A Prayer Every Man Makes (13 Of 13) by Clarence E. Macartney
This content is part of a series.The Prayers of the Old Testament (13 of 13)
A Prayer Every Man Makes
Clarence E. Macartney
Not in lofty language like this, for not every man is
a poet and a singer of the deep music of the heart,
but in the heart's desire, all men make this prayer.
You have sat in the public hall listening to the
performance of a company of skilled musicians as they
render the works of some of the masters of music. With
sudden and abrupt beginning, or with low harmony, the
musicians have taken up their theme, and the great
audience follows them patiently through all their
crescendos and diminuendos, their sudden and fearful
crashes, with blaring trumpets and rumbling drums and
noisy cymbals, and their whispered cadences, almost
too faint for the keenest ear to catch.
Then the manner changes and we follow the composer
into some delightful by path of sweetest melody; it
may be an aria that all have known and hummed to
themselves, or one that invokes the memories of the
long, long ago and brings back faces long since faded
from our view and voices that for long years have been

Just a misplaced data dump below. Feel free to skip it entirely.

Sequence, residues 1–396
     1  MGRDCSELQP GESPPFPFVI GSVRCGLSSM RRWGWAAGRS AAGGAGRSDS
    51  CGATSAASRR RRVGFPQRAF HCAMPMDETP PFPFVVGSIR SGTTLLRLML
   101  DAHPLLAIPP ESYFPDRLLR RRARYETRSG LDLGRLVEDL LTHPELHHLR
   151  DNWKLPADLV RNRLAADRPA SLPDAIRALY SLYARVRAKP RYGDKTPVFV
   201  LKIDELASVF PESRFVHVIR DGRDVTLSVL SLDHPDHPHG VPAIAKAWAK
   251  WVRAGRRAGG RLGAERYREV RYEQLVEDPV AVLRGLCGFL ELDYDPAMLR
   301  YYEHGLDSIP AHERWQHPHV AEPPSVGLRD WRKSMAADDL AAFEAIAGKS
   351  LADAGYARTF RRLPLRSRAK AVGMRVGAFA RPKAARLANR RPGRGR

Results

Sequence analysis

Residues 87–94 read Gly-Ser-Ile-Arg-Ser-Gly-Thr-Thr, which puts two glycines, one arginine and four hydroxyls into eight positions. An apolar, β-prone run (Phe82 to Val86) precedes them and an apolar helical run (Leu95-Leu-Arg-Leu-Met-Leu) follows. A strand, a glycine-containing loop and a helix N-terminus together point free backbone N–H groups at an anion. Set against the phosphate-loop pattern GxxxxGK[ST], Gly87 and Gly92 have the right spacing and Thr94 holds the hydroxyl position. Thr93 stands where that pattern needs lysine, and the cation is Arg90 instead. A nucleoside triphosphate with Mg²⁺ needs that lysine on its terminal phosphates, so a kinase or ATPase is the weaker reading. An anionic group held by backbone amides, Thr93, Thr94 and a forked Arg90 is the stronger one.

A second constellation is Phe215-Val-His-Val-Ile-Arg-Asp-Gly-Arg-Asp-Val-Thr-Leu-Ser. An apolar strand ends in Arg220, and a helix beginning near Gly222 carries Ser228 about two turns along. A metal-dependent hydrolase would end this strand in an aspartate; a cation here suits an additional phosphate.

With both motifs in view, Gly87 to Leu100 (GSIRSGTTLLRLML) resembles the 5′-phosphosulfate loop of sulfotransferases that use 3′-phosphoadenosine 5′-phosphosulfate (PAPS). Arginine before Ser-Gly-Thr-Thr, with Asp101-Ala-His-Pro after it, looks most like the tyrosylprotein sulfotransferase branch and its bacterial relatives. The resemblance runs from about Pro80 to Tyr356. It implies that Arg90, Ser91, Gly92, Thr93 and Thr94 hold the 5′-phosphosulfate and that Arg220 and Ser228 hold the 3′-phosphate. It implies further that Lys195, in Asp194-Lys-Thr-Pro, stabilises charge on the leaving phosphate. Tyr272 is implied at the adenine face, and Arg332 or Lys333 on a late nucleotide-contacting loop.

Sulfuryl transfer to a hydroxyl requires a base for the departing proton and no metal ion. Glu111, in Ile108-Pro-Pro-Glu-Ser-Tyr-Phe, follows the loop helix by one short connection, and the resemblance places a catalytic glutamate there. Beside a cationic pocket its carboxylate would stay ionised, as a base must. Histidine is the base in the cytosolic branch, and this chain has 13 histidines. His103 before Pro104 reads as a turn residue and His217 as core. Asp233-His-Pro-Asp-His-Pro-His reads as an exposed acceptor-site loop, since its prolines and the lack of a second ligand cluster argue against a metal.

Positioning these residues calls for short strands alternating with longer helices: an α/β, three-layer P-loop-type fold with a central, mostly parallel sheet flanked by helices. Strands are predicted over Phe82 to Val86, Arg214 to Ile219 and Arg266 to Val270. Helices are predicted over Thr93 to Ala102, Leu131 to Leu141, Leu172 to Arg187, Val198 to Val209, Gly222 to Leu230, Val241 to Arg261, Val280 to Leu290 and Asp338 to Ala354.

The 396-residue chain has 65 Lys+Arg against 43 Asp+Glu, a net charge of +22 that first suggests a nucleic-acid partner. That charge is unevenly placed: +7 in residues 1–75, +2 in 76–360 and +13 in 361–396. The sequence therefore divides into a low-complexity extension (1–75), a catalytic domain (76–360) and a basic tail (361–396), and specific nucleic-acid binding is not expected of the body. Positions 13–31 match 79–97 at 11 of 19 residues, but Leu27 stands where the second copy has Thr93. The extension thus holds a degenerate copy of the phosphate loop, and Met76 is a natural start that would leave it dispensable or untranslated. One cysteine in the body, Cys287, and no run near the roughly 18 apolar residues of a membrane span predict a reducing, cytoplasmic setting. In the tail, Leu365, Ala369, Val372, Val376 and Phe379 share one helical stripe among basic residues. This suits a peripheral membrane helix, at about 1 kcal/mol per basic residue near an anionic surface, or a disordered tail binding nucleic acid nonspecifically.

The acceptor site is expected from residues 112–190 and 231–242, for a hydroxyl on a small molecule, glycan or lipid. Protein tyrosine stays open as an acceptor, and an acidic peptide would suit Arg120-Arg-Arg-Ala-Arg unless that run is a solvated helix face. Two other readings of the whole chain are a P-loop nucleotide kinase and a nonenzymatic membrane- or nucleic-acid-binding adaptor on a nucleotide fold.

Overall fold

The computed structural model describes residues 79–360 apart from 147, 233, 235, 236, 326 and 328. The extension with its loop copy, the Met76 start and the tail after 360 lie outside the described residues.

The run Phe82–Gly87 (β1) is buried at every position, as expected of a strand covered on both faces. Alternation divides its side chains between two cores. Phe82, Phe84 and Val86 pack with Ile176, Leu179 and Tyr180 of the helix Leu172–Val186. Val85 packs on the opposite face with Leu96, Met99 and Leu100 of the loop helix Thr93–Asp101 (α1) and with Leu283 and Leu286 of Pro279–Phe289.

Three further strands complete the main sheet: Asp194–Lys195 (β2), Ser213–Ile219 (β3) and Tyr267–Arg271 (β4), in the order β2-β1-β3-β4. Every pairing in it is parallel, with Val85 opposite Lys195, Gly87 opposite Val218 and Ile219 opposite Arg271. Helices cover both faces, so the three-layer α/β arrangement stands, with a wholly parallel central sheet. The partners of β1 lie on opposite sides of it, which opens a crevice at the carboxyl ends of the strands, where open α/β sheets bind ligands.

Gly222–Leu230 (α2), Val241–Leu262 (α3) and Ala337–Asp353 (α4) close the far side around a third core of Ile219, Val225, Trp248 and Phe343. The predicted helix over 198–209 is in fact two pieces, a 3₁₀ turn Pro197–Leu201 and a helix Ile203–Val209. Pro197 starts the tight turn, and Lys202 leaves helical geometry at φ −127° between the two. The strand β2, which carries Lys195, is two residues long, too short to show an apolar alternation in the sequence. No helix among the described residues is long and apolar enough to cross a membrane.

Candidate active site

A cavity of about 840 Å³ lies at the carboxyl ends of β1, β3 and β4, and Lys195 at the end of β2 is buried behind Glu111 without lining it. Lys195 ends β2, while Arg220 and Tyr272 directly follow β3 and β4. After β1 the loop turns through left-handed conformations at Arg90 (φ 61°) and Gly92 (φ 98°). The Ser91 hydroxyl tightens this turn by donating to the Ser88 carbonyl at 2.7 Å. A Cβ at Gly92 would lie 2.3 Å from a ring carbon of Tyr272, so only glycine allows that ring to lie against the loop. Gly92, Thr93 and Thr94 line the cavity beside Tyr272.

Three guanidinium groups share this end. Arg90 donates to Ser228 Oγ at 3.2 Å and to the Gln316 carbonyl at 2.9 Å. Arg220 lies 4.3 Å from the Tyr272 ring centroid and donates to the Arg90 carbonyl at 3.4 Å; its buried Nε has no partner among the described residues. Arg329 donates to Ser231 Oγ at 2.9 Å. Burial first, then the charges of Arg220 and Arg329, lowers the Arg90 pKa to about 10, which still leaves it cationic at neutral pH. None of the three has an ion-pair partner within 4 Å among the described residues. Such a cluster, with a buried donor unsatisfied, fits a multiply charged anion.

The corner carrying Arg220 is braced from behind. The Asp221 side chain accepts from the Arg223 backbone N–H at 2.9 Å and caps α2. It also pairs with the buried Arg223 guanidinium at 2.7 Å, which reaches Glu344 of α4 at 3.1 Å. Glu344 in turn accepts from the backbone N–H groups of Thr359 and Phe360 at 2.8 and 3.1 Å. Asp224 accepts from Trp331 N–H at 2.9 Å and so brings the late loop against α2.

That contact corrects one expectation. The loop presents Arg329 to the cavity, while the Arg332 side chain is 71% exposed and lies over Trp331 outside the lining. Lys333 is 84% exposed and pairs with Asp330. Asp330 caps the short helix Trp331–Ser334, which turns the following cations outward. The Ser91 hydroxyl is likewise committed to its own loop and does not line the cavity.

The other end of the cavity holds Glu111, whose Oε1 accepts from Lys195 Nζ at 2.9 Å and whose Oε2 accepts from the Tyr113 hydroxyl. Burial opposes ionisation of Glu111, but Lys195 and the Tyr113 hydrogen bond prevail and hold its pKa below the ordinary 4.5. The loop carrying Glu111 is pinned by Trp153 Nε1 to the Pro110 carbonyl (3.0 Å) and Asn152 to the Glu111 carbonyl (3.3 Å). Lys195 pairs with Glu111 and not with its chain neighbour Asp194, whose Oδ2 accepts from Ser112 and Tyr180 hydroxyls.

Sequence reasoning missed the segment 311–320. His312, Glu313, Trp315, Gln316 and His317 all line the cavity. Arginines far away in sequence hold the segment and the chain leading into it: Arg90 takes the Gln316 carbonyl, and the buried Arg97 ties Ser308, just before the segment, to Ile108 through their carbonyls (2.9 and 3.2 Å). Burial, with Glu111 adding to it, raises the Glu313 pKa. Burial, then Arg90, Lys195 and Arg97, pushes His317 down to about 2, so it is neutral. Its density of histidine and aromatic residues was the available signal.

still. Amazement, perplexity, patience, or pretended
or professional attention gives place now to rapt
expectation; a holy hush falls all over the house, and
breasts heave deeply but quietly, and every ear and
every eye is attentive as the thousands who hear feel
within them the vibrations of immortal song.
What had happened? What had wrought the change? The
orchestra had touched one of those melodies which
awaken immediate response in the universal heart. That
is what David did in this Psalm. He struck a universal
note. That is the privilege of genius; that is the
power of inspiration. The greatest literature is not
that which produces the strangest effects or startles
the intellect or the imagination, but that which
touches the heart and gives noble and seemingly almost
perfect expression to that which you yourself have
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